October has been the official Breast Cancer Awareness month for over 25 years. In this time, women have become aware of the necessity for routine mammograms, been warned of the deadly toll breast cancer takes on women’s lives and been encouraged to join the “race for a cure.” This means giving and raising money to fund the seemingly endless program for breast cancer research.
For more than 50 years, the study of breast cancer has been heavily funded, yet there has been very little change in death rates. Does this bring up questions for you as to what’s actually happening in the laboratory? As to where the billions upon billions of dollars are actually going? And does it cause you to wonder how, after all these years, there hasn’t been much progress?
It makes me question and wonder because I am a woman who faced this disease at a relatively young age. I experienced firsthand the massive push by doctors toward following protocol, urging me to agree to be a subject of research. “We don’t really know what will work or won’t work, but you should do this anyway,” the doctors told me. Why? I asked. “Because we have to do something.”
This wasn’t good enough for me, but then, I’m one of those people who could be deemed “difficult.” Stubborn. Non-compliant. I refused to be a test subject for what I felt was a search and destroy mission (i.e., experimental chemotherapy and radiation). This warlike approach didn’t suit me. I wouldn’t subject myself to it because I could find no evidence, anywhere, that it would extend my life. I did, however, believe that the chemicals could damage my organs and immune system, creating a situation where my own body would struggle even further to heal.
I asked my doctors point blank if they could show me any evidence that my life would be extended if I allowed them to infuse me with their chemicals. “No,” they said. In a few cases, they could show me a study indicating that a small percentage of women had lived longer lives. I felt that, for me, the consequences would be worse than the potential benefit. I also had a gut feeling that breast disease stems in part from neglect of the feminine principle. To allow this harsh treatment wouldn’t heal this neglect, but would be dishonest to myself.
I knew I was taking responsibility for my own life. It wasn’t easy in the face of all the white coats, in the face of the authority those coats imply, in the face of their insistence. After my final meeting with a top breast cancer specialist in a town three hours from my home, I walked out of the hospital, into the parking lot, got into my car and sat with the fact that I alone had just chosen to face my life and death on my terms rather than surrender to this huge system I couldn’t align my heart or mind with. It was both liberating and terrifying.
For years now, some cancer research organization has regularly sent me a form asking, politely, indirectly, whether I’m still alive. This past spring when the standard form letter arrived yet again, I pulled out my fat permanent marker and scrawled across the page in large black letters, “Yes, I’m still here. Not dead yet.”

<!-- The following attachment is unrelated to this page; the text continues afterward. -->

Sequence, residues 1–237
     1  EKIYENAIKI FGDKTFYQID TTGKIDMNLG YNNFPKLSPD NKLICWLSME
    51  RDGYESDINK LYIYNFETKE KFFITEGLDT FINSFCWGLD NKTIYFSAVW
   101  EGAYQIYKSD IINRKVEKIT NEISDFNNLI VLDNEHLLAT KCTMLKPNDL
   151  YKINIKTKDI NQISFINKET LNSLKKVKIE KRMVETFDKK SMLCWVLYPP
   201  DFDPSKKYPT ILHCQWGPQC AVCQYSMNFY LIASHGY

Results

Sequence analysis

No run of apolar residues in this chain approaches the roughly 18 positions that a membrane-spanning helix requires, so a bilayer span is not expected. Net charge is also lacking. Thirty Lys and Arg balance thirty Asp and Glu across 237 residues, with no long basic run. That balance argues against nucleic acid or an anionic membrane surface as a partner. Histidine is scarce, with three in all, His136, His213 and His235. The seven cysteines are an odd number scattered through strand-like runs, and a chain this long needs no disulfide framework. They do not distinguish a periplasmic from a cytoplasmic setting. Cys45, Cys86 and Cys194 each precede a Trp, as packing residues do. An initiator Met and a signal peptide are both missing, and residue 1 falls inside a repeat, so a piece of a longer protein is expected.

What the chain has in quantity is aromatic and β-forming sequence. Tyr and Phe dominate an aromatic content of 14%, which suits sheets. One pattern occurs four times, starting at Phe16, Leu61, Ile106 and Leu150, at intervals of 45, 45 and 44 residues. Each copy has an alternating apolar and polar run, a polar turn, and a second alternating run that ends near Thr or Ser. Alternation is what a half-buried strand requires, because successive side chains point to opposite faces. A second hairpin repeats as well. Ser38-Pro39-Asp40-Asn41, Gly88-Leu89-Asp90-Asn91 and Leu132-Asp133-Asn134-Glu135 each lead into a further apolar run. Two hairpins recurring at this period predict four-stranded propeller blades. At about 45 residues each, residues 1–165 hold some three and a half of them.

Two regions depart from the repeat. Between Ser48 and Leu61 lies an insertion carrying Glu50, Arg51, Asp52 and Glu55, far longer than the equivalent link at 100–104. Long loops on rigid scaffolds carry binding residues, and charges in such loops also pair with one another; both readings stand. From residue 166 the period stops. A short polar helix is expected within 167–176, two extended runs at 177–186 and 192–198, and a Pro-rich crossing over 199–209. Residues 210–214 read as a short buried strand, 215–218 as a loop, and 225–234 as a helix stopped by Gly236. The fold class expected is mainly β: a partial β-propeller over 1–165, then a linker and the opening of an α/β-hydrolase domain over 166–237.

I am in no way an advocate for other women refusing conventional treatment for breast cancer. But I am an advocate for acting on your own behalf, for thinking for yourself, for courage. There is very little useful information offered to women by doctors to help them deal with a cancer diagnosis. This information one must go out and dig up, find for herself, and then have the gumption to follow through with. Utilizing this information can require a massive life overhaul, but almost always, it’s an overhaul that begs to be made.
Once I started my own research – a large task even for someone already in the field of holistic healing – I found more information on how to heal from and prevent breast cancer than I could possibly use in my life. This encompasses the health benefits of daily walking, yoga, green tea, leafy greens, deep orange and cruciferous veggies, emotional release, friendships, poke root oil, turmeric, breathing, eliminating processed foods and all other toxic chemical products in the home, art, self-expression, mending relationships, singing, dancing, playing, letting go, breast massage, organic whole live foods, visualization, nourishing the liver, healing the heart, claiming one’s own power, nettles, dandelion, red clover, lemon balm, modified citrus pectin, Vitamins C and D…the list goes on and on.
So during this Breast Cancer Awareness Month, I won’t be wearing a pink ribbon or running in a 5K to support the further funding of endless research. I will, however, support funding for practical assistance programs that directly help women with cancer pay for their living expenses. This is what is desperately needed. To learn about one of these helpful groups located in my area on the California Central Coast, see http://bcagmp.org.
I’ll also focus my energy and intention on Breast Health Awareness for all women – because there are deep societal wounds that go hand in hand with this disease, and it’s going to take more than science to heal them.
For further information on prevention and alternative treatments, see the website for the Breast Health Project, directed by Daya Fisch. You can also take a look at Think Before You Pink to get an insider’s view of some questionable pink ribbon campaigns.
Image by Yew Wei Tan, via Flickr